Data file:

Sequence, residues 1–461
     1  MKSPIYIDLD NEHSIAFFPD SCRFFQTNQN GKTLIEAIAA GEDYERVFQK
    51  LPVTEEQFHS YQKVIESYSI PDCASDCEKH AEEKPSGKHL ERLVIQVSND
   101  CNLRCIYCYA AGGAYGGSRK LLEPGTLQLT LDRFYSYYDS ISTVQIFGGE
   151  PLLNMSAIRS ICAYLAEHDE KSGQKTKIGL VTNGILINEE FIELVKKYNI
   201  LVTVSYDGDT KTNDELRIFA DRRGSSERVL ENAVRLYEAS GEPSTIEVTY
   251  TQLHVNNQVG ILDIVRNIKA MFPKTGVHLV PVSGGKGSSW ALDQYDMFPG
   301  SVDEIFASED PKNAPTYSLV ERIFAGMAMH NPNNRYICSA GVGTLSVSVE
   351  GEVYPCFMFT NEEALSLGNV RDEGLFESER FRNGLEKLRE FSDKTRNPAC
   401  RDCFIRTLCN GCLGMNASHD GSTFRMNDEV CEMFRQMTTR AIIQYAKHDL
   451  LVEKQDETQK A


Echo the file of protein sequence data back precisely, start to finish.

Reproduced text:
Sequence, residues 1–461
     1  MKSPIYIDLD NEHSIAFFPD SCRFFQTNQN GKTLIEAIAA GEDYERVFQK
    51  LPVTEEQFHS YQKVIESYSI PDCASDCEKH AEEKPSGKHL ERLVIQVSND
   101  CNLRCIYCYA AGGAYGGSRK LLEPGTLQLT LDRFYSYYDS ISTVQIFGGE
   151  PLLNMSAIRS ICAYLAEHDE KSGQKTKIGL VTNGILINEE FIELVKKYNI
   201  LVTVSYDGDT KTNDELRIFA DRRGSSERVL ENAVRLYEAS GEPSTIEVTY
   251  TQLHVNNQVG ILDIVRNIKA MFPKTGVHLV PVSGGKGSSW ALDQYDMFPG
   301  SVDEIFASED PKNAPTYSLV ERIFAGMAMH NPNNRYICSA GVGTLSVSVE
   351  GEVYPCFMFT NEEALSLGNV RDEGLFESER FRNGLEKLRE FSDKTRNPAC
   401  RDCFIRTLCN GCLGMNASHD GSTFRMNDEV CEMFRQMTTR AIIQYAKHDL
   451  LVEKQDETQK A